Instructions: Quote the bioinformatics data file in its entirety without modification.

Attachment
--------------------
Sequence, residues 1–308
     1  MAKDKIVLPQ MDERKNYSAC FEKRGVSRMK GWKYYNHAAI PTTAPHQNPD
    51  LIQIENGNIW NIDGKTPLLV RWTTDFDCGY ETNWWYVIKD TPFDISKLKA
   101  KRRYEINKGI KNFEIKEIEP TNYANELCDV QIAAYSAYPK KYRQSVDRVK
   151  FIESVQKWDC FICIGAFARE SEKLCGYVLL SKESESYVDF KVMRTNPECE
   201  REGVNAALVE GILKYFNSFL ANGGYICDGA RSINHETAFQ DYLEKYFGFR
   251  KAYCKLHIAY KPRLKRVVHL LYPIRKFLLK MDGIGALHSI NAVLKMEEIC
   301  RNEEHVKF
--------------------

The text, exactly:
Sequence, residues 1–308
     1  MAKDKIVLPQ MDERKNYSAC FEKRGVSRMK GWKYYNHAAI PTTAPHQNPD
    51  LIQIENGNIW NIDGKTPLLV RWTTDFDCGY ETNWWYVIKD TPFDISKLKA
   101  KRRYEINKGI KNFEIKEIEP TNYANELCDV QIAAYSAYPK KYRQSVDRVK
   151  FIESVQKWDC FICIGAFARE SEKLCGYVLL SKESESYVDF KVMRTNPECE
   201  REGVNAALVE GILKYFNSFL ANGGYICDGA RSINHETAFQ DYLEKYFGFR
   251  KAYCKLHIAY KPRLKRVVHL LYPIRKFLLK MDGIGALHSI NAVLKMEEIC
   301  RNEEHVKF